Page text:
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David Copperfield

David Copperfield


by Charles Dickens

David Copperfield Society and Class Quotes

How we cite our quotes: Citations follow this format: (Chapter.Paragraph)

Quote #10

Or perhaps this is the Desert of Sahara! For, though Julia has a stately house, and mighty company, and sumptuous dinners every day, I see no green growth near her; nothing that can ever come to fruit or flower. What Julia calls "society," I see; among it Mr. Jack Maldon, from his Patent Place, sneering at the hand that gave it him, and speaking to me of the Doctor as "so charmingly antique." But when society is the name for such hollow gentlemen and ladies, Julia, and when its breeding is professed indifference to everything that can advance or can retard mankind, I think we must have lost ourselves in that same Desert of Sahara, and had better find the way out. (64.18)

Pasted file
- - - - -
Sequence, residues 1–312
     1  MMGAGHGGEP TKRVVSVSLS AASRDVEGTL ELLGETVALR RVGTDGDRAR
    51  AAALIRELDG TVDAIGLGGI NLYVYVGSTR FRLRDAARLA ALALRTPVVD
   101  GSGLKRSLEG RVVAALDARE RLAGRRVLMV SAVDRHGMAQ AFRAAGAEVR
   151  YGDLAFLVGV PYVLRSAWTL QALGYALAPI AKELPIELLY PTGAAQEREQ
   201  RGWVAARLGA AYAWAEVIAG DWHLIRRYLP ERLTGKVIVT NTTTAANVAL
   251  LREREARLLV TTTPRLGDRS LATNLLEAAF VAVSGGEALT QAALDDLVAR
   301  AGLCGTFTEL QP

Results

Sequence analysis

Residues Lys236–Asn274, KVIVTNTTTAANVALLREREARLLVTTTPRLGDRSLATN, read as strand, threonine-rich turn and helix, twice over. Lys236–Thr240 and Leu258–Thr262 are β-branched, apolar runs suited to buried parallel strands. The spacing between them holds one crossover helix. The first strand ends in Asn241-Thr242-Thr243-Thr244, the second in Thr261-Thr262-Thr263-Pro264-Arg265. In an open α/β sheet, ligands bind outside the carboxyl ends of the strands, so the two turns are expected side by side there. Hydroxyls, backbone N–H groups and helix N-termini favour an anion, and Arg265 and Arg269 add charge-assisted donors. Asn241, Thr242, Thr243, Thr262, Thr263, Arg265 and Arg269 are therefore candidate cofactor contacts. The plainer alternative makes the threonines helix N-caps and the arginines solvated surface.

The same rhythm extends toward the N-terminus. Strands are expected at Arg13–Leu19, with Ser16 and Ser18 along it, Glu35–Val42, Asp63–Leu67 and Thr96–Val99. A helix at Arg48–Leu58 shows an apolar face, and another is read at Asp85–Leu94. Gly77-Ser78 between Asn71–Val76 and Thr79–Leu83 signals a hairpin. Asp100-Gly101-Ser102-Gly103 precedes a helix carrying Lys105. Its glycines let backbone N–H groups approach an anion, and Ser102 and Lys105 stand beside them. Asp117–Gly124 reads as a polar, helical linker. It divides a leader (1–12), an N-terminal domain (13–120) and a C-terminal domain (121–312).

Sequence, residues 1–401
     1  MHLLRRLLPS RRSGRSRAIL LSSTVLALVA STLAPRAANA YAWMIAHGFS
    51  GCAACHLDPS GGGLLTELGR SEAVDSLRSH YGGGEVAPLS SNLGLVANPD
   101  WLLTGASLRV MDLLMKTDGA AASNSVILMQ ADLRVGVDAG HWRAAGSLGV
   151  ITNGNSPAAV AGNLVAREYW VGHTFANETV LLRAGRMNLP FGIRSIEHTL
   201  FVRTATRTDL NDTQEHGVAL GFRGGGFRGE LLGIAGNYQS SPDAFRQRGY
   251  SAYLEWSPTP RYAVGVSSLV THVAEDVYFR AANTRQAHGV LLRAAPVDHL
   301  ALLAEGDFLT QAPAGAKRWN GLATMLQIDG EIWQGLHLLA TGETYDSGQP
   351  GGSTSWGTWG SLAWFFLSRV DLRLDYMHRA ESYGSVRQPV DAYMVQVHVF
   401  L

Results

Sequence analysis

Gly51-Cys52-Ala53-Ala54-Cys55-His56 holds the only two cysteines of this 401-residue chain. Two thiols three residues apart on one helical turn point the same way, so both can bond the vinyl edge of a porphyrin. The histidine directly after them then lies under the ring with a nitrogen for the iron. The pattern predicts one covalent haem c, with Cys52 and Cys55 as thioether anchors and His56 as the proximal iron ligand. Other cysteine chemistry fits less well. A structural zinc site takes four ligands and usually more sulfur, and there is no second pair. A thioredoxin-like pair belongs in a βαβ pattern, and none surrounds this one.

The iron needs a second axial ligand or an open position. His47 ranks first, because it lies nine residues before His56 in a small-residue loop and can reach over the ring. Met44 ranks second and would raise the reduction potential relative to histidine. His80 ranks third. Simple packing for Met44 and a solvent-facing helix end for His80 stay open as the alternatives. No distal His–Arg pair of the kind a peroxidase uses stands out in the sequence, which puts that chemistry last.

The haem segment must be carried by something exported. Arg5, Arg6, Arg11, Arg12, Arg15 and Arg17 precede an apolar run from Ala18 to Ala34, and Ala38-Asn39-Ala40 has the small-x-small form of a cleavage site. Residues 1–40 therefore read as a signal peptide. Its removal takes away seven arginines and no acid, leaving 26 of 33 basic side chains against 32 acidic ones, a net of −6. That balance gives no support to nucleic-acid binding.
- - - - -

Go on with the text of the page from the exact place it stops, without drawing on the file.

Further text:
In David's "Last Retrospect," he finds Julia Mills married to a rich man. But Julia Mills's marriage has drained the life from her, and makes her surroundings completely barren ("nothing that can ever come to fruit or flower"). David tells us that "society" is full of sneering, snide, unproductive people: "hollow gentlemen and ladies." And whatever you may say about the Peggottys, they are certainly neither "indiffer[ent]" nor "hollow."

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